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Thread started 05 Jun 2017 (Monday) 10:28
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Supreme Court Ruled We Own our Own Property

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Jun 06, 2017 23:04 |  #16

smythie wrote in post #18372077 (external link)
I don't think Adobe subscriptions are going to be affected. You are subscribing to a product to use it and in turn be eligible to receive complimentary updates while you keep your subscription current. The standalone software purchases (e.g. LR6) are more related to the content of that story but even so, I'm pretty sure the EULA would state that the software creator retains intellectual property ownership of the product.

Well, I'm pretty sure Lexmark's Patent made similar claims too. Just because a EULA or Copyright, or Patent language says one thing does not mean the SCOTUS will agree with it. This case illustrated that well.

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Left ­ Handed ­ Brisket
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Post edited over 1 year ago by Left Handed Brisket.
Jun 07, 2017 02:48 |  #17​m …ts-lexmark-patent-rights/ (external link)

Sounds more like the court said a contract could be signed and enforced for a "subscription" to buy toner. But if the end user breaks the contract the manufacturer has no recourse.

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Capn ­ Jack
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Post edited over 1 year ago by Capn Jack.
Jun 07, 2017 17:34 |  #18

Bassat wrote in post #18372747 (external link)
Perhaps the problem is granting a patent on a life form in the first place. Screw Dow, Syngenta, and Monsanto. Farming was at its most efficient (less waste) when it was done by rotating crops, critters, and rest. A small (10-100 acre) plot can be self-sustaining. That is never going to happen with 10,000 acre farms that grow the same crop every season.

Want more efficient farming? Kill the farm bill.

A 10-100 acre farm is self sustaining, but that doesn't support a guy like me who doesn't farm. Larger farms support everyone else. Bringing it back to photography, this is what it looks like not far from where I live. There aren't any 10,000 acre farms near me. Most of them are 640 acre (1 square mile). I don't know a heck of a lot about farming, but most of the farms in this picture are family owned. Where I work, a lot of people own farms and rent the land. That doesn't mean farming isn't done differently elsewhere. I know there are seed strains that aren't covered under any patent, and I'm sure the farmers would use those seeds (or save them for a future season) if it were more profitable to do so. It's not as if the seed companies won't let them choose what seeds to buy.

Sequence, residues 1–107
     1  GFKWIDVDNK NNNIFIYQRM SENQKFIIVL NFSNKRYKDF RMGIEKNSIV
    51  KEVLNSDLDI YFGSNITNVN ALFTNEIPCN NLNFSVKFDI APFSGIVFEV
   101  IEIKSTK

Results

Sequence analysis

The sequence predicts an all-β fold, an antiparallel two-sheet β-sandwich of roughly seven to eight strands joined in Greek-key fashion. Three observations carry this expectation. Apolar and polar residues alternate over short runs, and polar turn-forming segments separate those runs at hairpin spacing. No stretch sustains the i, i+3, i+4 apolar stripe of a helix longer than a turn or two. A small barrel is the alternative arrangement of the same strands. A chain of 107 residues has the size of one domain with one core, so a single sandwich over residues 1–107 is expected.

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Post edited over 1 year ago by Nathan. (2 edits in all)
Jun 12, 2017 16:29 |  #19

You're extrapolating from an article. This case doesn't contest who owns a patent, but rather at what do when those rights become exhausted. Basically, it is about the chain of control and, in this case, the ink cartridges went overseas where U.S. law did not apply.

This is the exhaustion doctrine which is applied to patent analysis, not copyright. The analogous legal concept in copyright is the first sale doctrine. The big question here is whether this patent analysis will necessarily make its way to copyright. That's not clear nor is it decided in this case.

If you're really curious about the primary source material, the opinion is here and you can read legal analysis of the decision. I haven't read it yet, but there's one dissenting opinion - so it would be interesting to know what the objection.

http://www.scotusblog.​com …exmark-international-inc/ (external link)

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Jun 12, 2017 17:36 as a reply to  @ post 18372807 |  #20

What the court said is quite specific to patents and not copyright. Copyright is an artistic/creative-based right while patent is on a specific invention or process. Lexmark already tried to use the copyright argument previously to make sure no one tried to copy their code that locked out refilled cartridges. That case was the basis for the whole "you can't copyright code" idea.

Lexmark argued that as a patent holder, they retain the rights to the patent and therefore modification of the product (refilling / editing their cartridges to have a new chip with new software on it) amounted to violating their patent rights. However, as has been pointed out, when you patent something, the law says no one else can sell your invention without compensating you. However, when you sell that product, you do not have any further rights since you've already gotten your compensation.

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Jul 11, 2017 09:55 as a reply to  @ post 18372717 |  #21

Look into the details. Most seed companies either produce hybrids that produce sterile seeds or GMO seeds that also produce sterile seeds.

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Supreme Court Ruled We Own our Own Property
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